Glaucoma is a group of disorders characterised by a loss of visual field associated with cupping of the optic disc and
optic nerve damage. Although glaucoma is associated with raised intra-ocular pressure (IOP), it can also occur when
this pressure is within the normal range.

Glaucoma is classified as either open-angle or angle-closure glaucoma. Primary open-angle glaucoma is the most

Risk factors for open-angle glaucoma

  • Older age, black people, family history, genetics
  • Vascular dys-regulation (migraine, vasospasm, abnormalities in ocular blood flow), low ocular perfusion
    pressure, diabetes
  • Ocular factors: Raised intra-ocular pressure, myopia, central corneal thickness – thinner corneas associated
    with increased risk

Clinical features

Open angle glaucoma

  • Mostly asymptomatic
  • History of gradual loss of vision in affected eye or loss of visual field
  • Often suspected after seeing cupping of optic disc on routine fundoscopy or finding elevated intra-ocular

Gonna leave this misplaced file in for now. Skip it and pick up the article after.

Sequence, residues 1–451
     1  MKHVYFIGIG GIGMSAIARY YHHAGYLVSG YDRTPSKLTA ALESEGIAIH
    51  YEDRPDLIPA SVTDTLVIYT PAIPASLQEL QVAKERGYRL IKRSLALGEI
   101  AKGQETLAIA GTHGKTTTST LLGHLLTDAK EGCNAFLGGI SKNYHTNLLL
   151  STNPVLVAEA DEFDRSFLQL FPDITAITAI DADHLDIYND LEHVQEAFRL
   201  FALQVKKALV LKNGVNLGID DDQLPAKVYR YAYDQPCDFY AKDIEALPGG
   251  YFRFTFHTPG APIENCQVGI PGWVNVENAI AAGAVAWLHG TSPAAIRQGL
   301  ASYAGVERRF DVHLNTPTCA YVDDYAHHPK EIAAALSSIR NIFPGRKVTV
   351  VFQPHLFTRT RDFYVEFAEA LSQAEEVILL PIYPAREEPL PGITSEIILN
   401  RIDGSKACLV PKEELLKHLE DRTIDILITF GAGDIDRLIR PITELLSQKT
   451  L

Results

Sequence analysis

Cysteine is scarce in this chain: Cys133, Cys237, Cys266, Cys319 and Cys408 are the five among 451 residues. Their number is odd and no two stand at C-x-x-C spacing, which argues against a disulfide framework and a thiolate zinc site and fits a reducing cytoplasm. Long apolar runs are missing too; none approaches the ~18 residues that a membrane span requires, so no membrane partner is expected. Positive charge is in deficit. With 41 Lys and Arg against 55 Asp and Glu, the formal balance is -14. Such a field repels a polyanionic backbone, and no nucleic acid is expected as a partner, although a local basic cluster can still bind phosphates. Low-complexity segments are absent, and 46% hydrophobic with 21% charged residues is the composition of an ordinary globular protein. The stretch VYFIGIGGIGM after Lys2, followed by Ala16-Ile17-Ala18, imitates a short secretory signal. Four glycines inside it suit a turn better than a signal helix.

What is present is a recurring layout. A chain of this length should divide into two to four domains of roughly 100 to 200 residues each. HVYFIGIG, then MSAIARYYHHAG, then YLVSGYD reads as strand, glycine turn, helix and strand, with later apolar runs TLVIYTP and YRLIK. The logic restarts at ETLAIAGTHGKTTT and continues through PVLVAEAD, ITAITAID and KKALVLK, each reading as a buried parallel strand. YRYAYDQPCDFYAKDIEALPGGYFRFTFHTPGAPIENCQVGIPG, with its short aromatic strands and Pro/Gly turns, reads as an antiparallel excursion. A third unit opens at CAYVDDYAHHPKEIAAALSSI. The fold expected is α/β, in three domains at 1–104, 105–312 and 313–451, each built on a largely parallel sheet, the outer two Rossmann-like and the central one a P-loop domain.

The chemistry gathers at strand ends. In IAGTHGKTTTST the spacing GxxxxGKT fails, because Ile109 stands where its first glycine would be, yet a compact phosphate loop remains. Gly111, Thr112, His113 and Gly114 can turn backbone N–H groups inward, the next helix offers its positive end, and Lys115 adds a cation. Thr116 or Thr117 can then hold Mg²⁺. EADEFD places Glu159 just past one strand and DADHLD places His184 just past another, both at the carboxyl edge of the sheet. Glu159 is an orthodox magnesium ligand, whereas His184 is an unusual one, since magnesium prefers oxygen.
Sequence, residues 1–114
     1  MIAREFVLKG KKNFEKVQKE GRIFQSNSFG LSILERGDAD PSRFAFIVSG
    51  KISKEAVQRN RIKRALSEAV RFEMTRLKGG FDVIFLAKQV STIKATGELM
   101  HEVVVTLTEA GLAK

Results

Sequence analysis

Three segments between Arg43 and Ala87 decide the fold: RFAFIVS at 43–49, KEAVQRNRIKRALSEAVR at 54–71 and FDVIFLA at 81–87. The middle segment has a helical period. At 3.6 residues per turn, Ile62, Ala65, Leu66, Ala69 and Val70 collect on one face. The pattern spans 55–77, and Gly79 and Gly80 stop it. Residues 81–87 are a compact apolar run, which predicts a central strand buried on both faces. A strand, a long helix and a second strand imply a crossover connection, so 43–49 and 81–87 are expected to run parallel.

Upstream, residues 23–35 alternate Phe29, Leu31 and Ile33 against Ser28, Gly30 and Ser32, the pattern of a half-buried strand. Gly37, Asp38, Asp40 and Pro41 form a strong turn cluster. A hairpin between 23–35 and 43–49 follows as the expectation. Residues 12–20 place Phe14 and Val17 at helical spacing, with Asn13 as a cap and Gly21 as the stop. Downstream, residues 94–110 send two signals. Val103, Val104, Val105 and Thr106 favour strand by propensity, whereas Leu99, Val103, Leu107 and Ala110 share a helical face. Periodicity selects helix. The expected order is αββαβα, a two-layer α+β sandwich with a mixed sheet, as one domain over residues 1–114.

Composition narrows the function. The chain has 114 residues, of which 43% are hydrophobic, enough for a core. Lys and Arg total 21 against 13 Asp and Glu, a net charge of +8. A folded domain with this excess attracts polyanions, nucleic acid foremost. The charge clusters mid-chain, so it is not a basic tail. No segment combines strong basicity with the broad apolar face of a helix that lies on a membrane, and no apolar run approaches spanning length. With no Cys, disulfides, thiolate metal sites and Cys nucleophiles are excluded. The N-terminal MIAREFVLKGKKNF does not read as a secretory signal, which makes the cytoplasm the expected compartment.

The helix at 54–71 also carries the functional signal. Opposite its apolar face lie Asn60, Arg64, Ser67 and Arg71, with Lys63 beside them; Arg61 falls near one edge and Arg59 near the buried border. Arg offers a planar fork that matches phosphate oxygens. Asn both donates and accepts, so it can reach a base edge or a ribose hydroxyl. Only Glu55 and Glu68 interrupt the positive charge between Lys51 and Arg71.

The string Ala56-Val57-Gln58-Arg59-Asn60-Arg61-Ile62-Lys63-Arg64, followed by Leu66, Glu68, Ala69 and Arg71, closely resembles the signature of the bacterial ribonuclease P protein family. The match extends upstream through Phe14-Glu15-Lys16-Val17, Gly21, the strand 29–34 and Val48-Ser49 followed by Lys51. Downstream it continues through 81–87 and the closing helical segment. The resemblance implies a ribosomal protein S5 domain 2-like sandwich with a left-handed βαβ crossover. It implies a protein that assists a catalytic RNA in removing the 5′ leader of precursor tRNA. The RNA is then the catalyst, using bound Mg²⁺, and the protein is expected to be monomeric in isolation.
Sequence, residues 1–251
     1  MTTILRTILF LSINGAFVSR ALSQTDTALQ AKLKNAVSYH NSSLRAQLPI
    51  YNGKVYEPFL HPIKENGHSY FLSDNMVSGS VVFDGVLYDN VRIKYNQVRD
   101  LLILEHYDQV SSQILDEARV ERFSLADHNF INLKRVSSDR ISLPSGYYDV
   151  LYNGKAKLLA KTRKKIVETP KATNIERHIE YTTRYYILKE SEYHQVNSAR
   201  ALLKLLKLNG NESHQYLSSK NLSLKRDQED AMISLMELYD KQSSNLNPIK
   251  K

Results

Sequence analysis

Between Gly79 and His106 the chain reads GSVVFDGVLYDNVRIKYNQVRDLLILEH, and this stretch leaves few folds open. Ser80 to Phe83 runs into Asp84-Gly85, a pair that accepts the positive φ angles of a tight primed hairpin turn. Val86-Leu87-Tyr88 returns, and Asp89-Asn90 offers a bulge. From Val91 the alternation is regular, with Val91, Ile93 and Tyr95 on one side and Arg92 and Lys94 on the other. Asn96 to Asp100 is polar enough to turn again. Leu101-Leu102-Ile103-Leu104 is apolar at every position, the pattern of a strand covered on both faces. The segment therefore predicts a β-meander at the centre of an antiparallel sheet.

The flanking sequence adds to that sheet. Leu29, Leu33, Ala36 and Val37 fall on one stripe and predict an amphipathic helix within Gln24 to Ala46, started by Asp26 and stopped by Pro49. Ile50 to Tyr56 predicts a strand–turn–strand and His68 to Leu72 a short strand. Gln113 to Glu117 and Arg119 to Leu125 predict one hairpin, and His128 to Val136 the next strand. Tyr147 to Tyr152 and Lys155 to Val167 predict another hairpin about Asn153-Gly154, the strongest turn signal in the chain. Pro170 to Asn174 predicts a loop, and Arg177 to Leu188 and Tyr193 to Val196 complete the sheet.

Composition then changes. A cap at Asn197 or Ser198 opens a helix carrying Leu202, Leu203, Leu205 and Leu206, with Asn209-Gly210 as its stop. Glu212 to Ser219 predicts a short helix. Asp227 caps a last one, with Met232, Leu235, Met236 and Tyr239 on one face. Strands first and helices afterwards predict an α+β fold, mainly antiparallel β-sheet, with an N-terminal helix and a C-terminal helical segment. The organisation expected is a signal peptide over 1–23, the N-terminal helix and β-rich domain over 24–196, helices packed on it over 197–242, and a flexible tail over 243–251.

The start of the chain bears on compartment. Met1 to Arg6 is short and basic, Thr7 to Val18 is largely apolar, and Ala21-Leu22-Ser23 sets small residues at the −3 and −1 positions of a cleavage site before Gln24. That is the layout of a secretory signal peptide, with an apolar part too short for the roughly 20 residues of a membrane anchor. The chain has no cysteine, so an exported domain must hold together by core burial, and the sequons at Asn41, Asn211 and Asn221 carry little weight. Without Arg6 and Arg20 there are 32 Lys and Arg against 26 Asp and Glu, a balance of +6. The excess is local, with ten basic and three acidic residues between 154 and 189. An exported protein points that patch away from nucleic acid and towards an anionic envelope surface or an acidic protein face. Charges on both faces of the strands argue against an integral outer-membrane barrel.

pressure on screening

Angle-closure glaucoma

  • Sudden onset of severe eye pain and redness, associated with nausea, vomiting and headache
  • Loss of vision in the affected eye
  • Coloured halos or bright rings around lights
  • Hazy-looking cornea
  • Fixed, semi-dilated pupil
  • Shallow anterior chamber
  • Severely elevated IOP. When palpated with a finger, the affected eye feels hard, compared to the other eye
  • If IOP rises more slowly, the patient may be asymptomatic with gradual loss of vision


  • Goal of treatment is to arrest/delay progress of the disease, not for visual improvement. Therapy is usually life long
  • Angle-closure glaucoma is a medical emergency that requires urgent reduction of intra ocular pressure

Refer all suspects to specialist

Open-angle glaucoma

  • Timolol 0.5% eye drops given 1 drop 12 hourly

Angle-closure glaucoma (acute)

  • For urgent reduction of IOP, give mannitol 20% by slow IV infusion until IOP is reduced
  • Reduce intracocular pressure with acetazolamide tablets 500 mg single dose
    followed by 250 mg every 6 hours
  • Plus timolol 0.5% drops 1 drop 12 hourly
  • Avoid timolol eye drops in patients with asthma, heart block and uncontrolled heart failure